You should train like you compete. A lot of people will lift upper body one day, then lower body the next. However, my philosophy is that an athlete should train his total body every time he works out. During the season, you don’t use your legs one day and then your arms the next, and your training should be representative of that. You train for function. We are not bodybuilding or strength training just to see how much we can lift. We are strength training for function, and our function is throwing a baseball. The same rules apply in the weight room that apply on the field, including that you have to work the back side of the body one-third more than the front, so when you get back on the mound, your decelerator muscles are prepared to absorb and withstand the extra force. Remember, in the offseason, you won’t be in a deficit from pitching off the mound, so your focus should be on whole-body care rather than just arm-care. And when you push the whole body, recovery is huge.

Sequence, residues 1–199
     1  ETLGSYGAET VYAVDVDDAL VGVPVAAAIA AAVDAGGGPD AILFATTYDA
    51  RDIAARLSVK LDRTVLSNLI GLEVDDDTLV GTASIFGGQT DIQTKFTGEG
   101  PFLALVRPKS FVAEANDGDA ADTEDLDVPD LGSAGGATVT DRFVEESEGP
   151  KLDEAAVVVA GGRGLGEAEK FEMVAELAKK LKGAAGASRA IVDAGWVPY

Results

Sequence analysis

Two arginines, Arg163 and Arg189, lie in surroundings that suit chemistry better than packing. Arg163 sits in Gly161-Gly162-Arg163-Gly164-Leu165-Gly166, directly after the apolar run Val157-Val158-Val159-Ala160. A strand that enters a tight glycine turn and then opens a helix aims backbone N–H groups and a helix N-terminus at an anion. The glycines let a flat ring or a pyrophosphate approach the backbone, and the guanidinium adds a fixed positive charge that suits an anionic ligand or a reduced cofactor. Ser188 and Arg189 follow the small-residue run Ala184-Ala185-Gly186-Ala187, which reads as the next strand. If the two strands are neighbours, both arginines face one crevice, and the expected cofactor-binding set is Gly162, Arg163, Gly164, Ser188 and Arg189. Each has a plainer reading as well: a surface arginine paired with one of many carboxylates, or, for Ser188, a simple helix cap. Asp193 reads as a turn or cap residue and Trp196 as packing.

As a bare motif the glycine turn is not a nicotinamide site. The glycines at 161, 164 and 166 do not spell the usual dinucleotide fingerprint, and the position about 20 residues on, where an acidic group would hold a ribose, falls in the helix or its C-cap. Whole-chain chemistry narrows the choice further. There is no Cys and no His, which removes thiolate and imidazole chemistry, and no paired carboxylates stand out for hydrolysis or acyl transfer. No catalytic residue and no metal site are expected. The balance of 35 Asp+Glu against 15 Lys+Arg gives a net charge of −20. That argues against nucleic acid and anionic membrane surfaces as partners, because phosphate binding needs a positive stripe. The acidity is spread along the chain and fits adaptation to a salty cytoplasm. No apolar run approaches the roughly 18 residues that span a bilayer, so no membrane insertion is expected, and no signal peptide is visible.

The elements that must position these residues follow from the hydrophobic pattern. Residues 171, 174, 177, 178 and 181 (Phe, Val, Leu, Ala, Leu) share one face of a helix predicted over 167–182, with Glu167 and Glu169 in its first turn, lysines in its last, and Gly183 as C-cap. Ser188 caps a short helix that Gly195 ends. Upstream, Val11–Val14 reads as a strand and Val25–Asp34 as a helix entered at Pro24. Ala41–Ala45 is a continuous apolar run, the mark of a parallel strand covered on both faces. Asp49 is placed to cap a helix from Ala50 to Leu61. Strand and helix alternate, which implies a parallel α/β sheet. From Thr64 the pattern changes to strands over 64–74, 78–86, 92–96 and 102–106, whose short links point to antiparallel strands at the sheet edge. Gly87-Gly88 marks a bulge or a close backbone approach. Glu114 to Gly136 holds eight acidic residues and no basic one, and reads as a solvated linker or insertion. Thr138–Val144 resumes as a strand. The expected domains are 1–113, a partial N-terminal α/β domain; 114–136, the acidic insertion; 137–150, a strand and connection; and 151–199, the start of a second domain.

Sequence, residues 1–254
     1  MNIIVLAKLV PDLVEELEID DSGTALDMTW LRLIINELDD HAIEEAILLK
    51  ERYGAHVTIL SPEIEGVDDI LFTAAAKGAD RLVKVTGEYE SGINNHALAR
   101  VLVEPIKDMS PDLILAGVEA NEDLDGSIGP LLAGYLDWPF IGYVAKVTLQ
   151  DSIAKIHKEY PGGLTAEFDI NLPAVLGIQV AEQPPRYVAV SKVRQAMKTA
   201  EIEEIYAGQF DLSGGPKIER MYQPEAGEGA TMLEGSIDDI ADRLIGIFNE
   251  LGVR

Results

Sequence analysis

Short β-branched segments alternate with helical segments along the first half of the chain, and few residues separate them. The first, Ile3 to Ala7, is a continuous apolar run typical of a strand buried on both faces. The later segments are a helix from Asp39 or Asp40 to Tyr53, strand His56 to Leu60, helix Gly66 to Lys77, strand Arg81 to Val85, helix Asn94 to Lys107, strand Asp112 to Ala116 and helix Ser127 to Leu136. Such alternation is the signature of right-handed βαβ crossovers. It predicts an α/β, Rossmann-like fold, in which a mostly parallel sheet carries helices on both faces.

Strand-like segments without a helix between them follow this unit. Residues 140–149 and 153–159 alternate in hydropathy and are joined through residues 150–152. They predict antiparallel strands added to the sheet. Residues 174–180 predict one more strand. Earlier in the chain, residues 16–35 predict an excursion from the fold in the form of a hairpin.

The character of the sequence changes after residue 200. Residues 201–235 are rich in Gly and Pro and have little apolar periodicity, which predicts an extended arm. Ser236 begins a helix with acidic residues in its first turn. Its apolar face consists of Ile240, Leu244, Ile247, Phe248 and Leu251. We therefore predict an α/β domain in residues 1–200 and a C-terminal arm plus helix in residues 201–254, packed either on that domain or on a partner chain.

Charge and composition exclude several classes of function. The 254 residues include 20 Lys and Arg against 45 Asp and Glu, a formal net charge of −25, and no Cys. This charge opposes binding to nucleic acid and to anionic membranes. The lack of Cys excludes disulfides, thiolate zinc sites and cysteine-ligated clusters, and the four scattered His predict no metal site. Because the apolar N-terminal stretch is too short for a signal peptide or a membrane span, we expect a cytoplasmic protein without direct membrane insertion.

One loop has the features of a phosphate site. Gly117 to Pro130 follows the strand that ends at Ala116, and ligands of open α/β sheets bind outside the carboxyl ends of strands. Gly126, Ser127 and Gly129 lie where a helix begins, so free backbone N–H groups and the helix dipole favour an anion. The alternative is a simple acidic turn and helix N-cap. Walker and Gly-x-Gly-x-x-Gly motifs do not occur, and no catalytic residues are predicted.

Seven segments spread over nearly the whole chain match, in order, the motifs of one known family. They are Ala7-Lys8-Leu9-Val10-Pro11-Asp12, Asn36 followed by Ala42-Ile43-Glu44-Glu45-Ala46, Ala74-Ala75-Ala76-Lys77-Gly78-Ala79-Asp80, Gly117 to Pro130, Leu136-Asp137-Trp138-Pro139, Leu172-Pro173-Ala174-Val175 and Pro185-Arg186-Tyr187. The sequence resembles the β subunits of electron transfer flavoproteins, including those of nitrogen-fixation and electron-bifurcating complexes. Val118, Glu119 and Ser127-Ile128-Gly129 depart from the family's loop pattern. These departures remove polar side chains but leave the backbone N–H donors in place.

Recovery is about hydration, nutrition and sleep. In the nutrition triangle, water is at the bottom. Hydration is so important. You should be drinking one-half to two-thirds of your body weight in ounces of water per day. So, if you weigh 200 pounds, that’s 100 to 130 ounces. Hydrate early and hydrate often. If you’re thirsty on the bench or during a workout, you’re not going to catch up during that game or session. Next, unless there are specific dietary restrictions, young athletes should eat a balanced diet with a 40-30-30 percentage split of carbohydrates, protein and smart fats. It’s the best place to start so they can learn what works best for their bodies. Additionally, supplements like a multivitamin, vitamin C for adrenaline production, vitamin E for circulation and alpha lipoic acid for nerve function are a good idea. Lastly, you need to get the proper amount of sleep, and sleep cool and dark. The most important sleep time is the four hours right after you fall asleep, when your deep sleep ensures physical recovery. Everything after – your REM sleep – is for neuroplasticity, when everything you learned physically and intellectually during the day gets put on the shelves. And because you don’t want to wake up during a REM cycle, set your alarm for 6, 7.5, 9 or 10 hours after you go to bed.